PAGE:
Willard v. Wood (135 U.S. 309)/Opinion of the Court
This action is brought by a mortgagee against the executrix of the grantee named in, and who has accepted, a deed executed by the mortgagor only, expressed to be 'subject to the mortgage,' and by the terms of which the grantee 'assumes and covenants to pay, satisfy, and discharge' the mortgage debt. After is ue joined on the pleas of never indebted and the statute of limitations of three years, the case was submitted, and judgment rendered for the defendant, upon an agreed statement of facts. By the statute of limitations of Maryland of 1715, c. 23, §§ 2, 5, in force in the District of Columbia, all actions on simple contracts must be brought within three years, and actions on specialties may be brought within twelve years, after the cause of action accrues. 1 Kilty, St. The decisions of the courts of New York, though proceeding upon various and not always consistent reasons, clearly show that by the law of that state, (in which the land is situated, and the bond and mortage, as well as the subsequent deed from the mortgagor, were executed and delivered,) the mortgagee is entitled to maintain a suit, either in equity or at law, against the grantee of the mortgagor to enforce the payment of the mortgage debt. Halsey v. Reed, 9 Paige, 446; King v. Whitely, 10 Paige, 465; Blyer v. Monholland, 2 Sandf. Ch. 478; Trotter v. Hughes, 12 N. Y. 74; Burr v. Beers, 24 N. Y. 178; Campbell v. Smith, 71 N. Y. 26; Pardee v. Treat, 82 N. Y. 385; Hand v. Kennedy, 83 N. Y. 140; Bowen v. Beck, 94 N. Y. 86. Assuming that the mortgagee has acquired by the law of New York a right to enforce such an agreement against a grantee of the mortgagor, the form of his remedy, whether it must be in covenant or in assumpsit, at law or in equity, is governed by the lex fori, the law of the District of Columbia, where the action was brought. Dixon v. Ramsey, 3 Cranch, 319,324; Bank v. Donnally, 8 Pet. 361; Wilcox v. Hunt, 13 Pet. 378; Le Roy v. Beard, 8 How. 451; Pitchard v. Norton, 106 U.S. 124, 130, 133, 1 Sup. Ct. Rep. 102.
Much of the argument at the bar was devoted to the question whether an agreement of the grantee, in a deed signed and sealed by the grantor only, is, as has been held in New Jersey and New York, in the nature of a covenant under seal, and consequently a specialty, (Finley v. Simpson, 22 N. J. Law, 311; Crowell v. St. Barnabas Hospital, 27 N. J. Eq. 650, 652; Dock Co. v. Leavitt, 54 N. Y. 35; Bowen v. Beck, 94 N. Y. 86;) or, as held in other states, in the nature of an assumpsit or implied contract, arising from the acceptance of the deed, and consequently a simple contract, (Locke v. Homer, 131 Mass. 93, 102; Foster v. Atwater, 42 Conn. 244; Johnson v. Muzzy, 45 Vt. 419; Maule v. Weaver, 7 Pa. St. 329; Trustees v. Spencer, 7 Ohio, pt. 2, p. 149.) But we do not find it necessary to pass upon that question, since, by the law of the District of Columbia, whether the agreement of the grantee is or is not considered as under seal, it is an agreement made with the grantor only, and creates no direct obligation to the mortgagee, upon which the latter can sue at law. If the agreement of the grantee is considered as under seal, by reason of the deed being sealed by the grantor, it falls within the settled rule of the common law, in force in the District of Columbia, that no one can maintain an action at law on a contract under seal to which he is not a party. Hendrick v. Lindsay, 93 U.S. 143, 149; Southampton v. Brown, 6 Barn. & C. 718; Colliery Co. v. Hawkins, 3 Hurl. & C. 677; Northampton v. Elwell, 4 Gray, 81; Crowell v. St. Barnabas Hospital, 27 N. J. Eq. 650, 653.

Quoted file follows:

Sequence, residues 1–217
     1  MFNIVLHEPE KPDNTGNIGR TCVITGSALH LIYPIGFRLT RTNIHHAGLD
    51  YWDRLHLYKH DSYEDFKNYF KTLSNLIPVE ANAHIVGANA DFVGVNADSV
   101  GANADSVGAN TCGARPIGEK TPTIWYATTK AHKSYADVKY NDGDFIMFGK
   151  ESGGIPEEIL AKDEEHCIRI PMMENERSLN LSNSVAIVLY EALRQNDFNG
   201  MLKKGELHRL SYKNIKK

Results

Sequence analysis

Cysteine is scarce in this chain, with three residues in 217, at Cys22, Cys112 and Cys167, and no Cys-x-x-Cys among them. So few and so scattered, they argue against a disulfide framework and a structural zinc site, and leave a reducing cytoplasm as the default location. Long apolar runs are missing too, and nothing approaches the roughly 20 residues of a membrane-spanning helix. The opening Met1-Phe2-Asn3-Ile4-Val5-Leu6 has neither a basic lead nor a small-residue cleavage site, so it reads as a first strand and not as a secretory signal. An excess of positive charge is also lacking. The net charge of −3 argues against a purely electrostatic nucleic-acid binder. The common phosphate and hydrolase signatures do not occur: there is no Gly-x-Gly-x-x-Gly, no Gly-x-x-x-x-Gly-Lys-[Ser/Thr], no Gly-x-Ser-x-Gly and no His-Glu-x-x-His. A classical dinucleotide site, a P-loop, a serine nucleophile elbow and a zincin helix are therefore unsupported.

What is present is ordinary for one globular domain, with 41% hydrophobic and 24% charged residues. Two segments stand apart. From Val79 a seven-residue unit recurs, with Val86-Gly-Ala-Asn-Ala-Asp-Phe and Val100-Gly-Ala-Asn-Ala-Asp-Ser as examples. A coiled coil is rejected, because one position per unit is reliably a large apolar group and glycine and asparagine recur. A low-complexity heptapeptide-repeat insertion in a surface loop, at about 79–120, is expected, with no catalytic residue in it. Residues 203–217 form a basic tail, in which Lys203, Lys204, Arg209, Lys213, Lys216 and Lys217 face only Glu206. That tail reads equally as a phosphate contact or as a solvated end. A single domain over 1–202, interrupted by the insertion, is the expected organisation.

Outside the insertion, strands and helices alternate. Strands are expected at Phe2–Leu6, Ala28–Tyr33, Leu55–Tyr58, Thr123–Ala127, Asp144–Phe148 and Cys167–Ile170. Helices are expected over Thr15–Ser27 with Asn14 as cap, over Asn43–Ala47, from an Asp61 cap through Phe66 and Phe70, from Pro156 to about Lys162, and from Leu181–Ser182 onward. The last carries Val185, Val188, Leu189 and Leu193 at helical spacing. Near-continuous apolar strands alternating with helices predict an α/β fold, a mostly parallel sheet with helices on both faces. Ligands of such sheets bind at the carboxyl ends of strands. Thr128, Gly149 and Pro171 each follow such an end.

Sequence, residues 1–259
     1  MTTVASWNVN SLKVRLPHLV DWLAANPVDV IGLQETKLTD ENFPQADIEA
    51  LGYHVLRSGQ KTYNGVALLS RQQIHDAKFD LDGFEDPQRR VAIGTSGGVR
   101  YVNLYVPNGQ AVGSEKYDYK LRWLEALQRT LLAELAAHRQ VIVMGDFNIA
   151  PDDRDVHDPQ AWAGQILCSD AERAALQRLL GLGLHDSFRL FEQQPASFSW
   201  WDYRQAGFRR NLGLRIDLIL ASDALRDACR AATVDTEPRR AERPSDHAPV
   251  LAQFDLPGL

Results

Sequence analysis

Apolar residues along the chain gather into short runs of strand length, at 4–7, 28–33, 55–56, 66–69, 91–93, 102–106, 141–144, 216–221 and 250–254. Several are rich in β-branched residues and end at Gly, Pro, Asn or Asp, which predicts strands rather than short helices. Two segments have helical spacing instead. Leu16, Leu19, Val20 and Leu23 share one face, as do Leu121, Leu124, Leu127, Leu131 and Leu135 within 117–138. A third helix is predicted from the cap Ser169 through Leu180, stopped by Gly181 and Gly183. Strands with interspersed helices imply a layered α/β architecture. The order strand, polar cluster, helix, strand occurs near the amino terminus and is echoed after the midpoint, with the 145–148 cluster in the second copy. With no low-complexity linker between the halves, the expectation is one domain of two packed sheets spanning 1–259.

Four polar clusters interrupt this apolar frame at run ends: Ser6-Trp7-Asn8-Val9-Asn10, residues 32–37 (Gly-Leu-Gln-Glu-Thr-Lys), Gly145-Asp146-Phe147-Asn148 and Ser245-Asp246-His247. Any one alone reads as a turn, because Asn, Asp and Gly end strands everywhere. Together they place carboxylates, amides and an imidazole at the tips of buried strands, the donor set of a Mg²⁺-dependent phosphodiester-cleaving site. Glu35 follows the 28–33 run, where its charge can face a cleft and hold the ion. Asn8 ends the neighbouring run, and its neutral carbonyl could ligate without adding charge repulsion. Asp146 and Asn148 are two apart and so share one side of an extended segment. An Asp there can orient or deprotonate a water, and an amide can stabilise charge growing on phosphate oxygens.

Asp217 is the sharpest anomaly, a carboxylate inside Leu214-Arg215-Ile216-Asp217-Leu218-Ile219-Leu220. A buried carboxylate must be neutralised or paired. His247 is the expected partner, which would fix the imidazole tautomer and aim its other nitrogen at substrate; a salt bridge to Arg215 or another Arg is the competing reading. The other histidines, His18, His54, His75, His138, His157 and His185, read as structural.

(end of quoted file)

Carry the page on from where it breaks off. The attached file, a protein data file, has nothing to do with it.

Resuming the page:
If the agreement of the grantee is considered as in the nature of assumpsit, implied from his acceptance of the deed, still, being made with the grantor only and for his benefit, upon a consideration moving from him alone, there being no privity of contract between the grantee and the mortgagee; and the latter not having known of or assented to the agreement at the time it was made, nor having since done or omitted any act on the faith of it, it follows that, by the law as declared by this court, and prevailing in the District of Columbia, the mortgagee cannot maintain an action at law against the grantee. Keller v. Ashford, 133 U.S. 610, 620-622, ante, 494, and Bank v. Grand Lodge, 98 . S. 123, there cited. The payments made by the grantee, and accepted by the mortgagee, on account of the mortgage debt, were made pursuant to the grantee's contract with the mortgagor, and did not create, or warrant to be inferred, a new contract between the grantee and the mortgagee. Moreover, if the grantee's liability was in assumpsit only, it was, in any view of the case, barred by the statute of limitations in three years. In the District of Columbia, the only remedy of the mortgagee against the grantee was, as adjudged upon great consideration in Keller v. Ashford, above cited, by bill in equity, in which he might avail himself of the right of the mortgagor against his grantee, because in equity a creditor is entitled to avail himself of a security which his debtor holds from a third person for the payment of the debt. In the supreme court of the District of Columbia, as in the circuit courts of the United States, the jurisdiction in equity is distinct from the jurisdiction at law, and equitable relief cannot be granted in an action at law. Rev. St. D. C. §§ 760, 800; Fenn v. Holme, 21 How. 481. A statement of facts agreed by the parties, or, technically speaking, a case stated, in an action at law, doubtless waives all questions of pleading, or of form of action, which might have been cured by amendment, but it cannot enable a court of law to assume the jurisdiction of a court of equity. Scudder v. Worster, 11 Cush. 573; McRae v. Locke, 114 Mass. 96; West Roxbury v. Minot, Id. 546. For these reasons this action cannot be maintained, and the judgment for the defendant must be affirmed.